One of the laments of the writers theorizing about synchonicity and psychology is the difficulty of translating this cosmology, based on the quantum discoveries and resulting revaluation of the nature of the universe, into the common language and understanding. Even more so, perhaps, into the felt-sense of life. The up and out nature of much of the ways science, and some of these authors, discuss these new perceptions of reality can have the effect of divorcing the individual from the whole while attempting to connect instead. I’ve been pondering this deeply lately because I have great concerns about the tendency to become so heady and philosophical, even so directed toward the skies, that we end up working against the desire to connect, to feel and experience the connection, to the cosmos for many people.

At one point in his book Le Grice calls individuation the process of “transformation involved in consciously aligning oneself with the evolutionary movement of the cosmos” referring to is as Logos (The psychological dimension of evolution, para. 10). This coupled with Swimme’s comment that, “the relationship between part and whole has to do with the fulfillment that comes with creativity” (p. 96), led me to thinking deeply about the necessity of Eros in this process of understanding and translation. Eros as expressed through our creativity.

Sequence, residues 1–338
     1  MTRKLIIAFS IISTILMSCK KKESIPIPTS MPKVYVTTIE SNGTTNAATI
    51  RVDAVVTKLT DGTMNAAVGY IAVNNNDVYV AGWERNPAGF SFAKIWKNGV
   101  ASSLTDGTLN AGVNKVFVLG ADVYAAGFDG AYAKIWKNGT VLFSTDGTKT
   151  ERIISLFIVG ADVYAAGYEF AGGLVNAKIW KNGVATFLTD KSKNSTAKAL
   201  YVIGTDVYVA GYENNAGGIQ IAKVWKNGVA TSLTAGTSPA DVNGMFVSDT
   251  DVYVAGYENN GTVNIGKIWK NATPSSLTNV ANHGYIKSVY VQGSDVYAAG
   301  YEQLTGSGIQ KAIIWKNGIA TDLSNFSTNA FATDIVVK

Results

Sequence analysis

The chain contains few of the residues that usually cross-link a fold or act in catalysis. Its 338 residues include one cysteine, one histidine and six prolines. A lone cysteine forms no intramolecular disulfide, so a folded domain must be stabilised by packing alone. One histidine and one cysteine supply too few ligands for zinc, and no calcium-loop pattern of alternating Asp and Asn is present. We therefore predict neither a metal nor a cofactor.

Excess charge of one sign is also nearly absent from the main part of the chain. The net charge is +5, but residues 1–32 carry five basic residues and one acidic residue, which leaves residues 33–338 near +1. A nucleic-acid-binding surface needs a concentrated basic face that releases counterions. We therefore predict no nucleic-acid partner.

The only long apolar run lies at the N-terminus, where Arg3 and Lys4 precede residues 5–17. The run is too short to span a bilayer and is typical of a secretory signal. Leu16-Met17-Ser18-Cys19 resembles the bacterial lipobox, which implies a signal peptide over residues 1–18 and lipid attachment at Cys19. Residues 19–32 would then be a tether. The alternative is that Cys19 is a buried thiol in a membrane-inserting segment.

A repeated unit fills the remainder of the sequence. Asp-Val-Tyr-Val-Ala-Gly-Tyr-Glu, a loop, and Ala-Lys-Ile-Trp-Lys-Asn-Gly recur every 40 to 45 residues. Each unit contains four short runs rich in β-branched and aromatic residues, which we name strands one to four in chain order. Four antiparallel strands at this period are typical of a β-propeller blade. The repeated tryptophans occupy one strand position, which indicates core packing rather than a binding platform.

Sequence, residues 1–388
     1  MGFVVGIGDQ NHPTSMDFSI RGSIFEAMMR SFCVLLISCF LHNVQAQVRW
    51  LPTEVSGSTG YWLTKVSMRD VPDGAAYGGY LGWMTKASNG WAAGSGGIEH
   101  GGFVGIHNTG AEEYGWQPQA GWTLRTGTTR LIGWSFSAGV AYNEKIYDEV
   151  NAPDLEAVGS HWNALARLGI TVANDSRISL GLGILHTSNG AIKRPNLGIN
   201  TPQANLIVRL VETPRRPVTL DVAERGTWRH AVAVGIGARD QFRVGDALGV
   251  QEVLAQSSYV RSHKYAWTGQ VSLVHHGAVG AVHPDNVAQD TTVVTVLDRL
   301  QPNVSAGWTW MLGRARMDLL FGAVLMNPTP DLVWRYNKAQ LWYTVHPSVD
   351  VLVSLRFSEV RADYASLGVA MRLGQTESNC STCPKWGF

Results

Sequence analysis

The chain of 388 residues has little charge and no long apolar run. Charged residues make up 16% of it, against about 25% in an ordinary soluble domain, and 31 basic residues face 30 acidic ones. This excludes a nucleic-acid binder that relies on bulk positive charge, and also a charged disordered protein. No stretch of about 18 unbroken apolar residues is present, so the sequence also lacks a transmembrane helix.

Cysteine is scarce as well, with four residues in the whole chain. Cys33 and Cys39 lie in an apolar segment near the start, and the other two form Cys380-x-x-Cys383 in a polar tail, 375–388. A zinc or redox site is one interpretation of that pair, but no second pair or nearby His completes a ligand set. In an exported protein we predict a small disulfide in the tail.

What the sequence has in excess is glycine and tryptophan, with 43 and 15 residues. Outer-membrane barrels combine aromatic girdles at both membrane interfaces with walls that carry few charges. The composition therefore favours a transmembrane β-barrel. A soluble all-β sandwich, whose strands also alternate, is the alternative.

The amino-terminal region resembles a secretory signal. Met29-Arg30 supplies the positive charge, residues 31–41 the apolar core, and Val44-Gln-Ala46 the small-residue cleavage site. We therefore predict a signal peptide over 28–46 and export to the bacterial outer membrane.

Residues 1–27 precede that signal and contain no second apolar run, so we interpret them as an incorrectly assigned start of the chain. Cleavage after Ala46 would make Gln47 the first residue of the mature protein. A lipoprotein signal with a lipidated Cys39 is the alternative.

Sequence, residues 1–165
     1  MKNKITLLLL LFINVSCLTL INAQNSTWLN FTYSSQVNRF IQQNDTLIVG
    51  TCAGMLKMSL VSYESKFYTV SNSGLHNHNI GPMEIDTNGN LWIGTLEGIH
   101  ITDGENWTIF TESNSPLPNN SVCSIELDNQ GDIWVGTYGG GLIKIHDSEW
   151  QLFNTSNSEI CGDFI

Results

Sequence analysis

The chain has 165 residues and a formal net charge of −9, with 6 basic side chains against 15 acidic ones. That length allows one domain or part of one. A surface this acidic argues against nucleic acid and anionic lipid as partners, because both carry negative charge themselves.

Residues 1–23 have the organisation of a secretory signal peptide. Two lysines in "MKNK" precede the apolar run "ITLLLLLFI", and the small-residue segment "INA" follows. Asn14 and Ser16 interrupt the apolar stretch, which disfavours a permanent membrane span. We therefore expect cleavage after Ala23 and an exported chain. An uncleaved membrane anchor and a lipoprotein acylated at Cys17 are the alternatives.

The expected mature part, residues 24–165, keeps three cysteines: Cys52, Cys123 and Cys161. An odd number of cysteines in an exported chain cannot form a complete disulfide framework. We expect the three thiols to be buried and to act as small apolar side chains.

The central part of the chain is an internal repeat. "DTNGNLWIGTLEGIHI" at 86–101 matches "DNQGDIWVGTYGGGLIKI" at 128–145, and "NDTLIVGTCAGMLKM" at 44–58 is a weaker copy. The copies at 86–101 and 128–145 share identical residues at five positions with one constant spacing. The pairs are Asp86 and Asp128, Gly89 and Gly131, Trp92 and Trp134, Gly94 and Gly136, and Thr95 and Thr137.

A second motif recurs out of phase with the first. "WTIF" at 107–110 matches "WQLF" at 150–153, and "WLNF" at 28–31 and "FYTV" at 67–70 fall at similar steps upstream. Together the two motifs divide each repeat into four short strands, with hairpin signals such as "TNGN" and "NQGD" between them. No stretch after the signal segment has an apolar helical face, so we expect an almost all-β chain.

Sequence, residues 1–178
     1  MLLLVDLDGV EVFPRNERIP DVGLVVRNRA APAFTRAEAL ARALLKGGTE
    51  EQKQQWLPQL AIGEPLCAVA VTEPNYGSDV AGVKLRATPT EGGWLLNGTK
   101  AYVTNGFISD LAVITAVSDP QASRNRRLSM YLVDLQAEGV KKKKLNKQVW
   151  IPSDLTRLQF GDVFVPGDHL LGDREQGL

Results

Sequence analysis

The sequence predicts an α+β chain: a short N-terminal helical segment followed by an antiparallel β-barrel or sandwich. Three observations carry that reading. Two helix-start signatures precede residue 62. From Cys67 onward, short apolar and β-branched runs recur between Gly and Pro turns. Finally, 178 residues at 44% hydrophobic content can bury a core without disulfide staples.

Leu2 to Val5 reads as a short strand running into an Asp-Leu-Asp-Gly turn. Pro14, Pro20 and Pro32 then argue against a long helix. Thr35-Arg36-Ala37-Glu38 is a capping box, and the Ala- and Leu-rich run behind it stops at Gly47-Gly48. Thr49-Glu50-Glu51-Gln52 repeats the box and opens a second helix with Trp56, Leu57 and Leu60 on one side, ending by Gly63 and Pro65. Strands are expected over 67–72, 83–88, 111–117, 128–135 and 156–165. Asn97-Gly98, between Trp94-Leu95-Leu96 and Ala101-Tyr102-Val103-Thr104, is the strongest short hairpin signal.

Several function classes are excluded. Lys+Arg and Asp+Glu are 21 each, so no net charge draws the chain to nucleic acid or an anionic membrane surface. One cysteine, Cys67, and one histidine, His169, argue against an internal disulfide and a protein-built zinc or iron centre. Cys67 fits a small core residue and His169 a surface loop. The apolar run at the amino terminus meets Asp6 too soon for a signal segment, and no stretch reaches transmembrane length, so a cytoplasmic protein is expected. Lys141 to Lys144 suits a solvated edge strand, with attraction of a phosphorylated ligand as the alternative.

We touch the truths of life, and the cosmos, through poetry, myth, music, dance, etc. When we create, and attend to creativity, we are a cosmos that loves. We love what we create and are broadened by the act of creating, loved in return by our creation. We are transformed by love. I am interested in the science, and the philosophy, but I am moved by poetry and literature, by music. The logos doesn’t have meaning without the eros; it has no impact. When I turn to Rumi, Oliver, Gibran, then the science matters to me and can enact on me and in me, but without the mythopoetic I find it devoid of the necessary soul. Depth psychology offers a mythopoetic soulfulness which encourages relationship between the logos and eros.

Le Grice, K. (2010). The archetypal cosmos: Rediscovering the gods in myth, science and astrology. Edinburgh, UK: Floris Books.

Swimme, B. (1996). The hidden heart of the cosmos: Humanity and the new story. Maryknoll, NY: Orbis Books.

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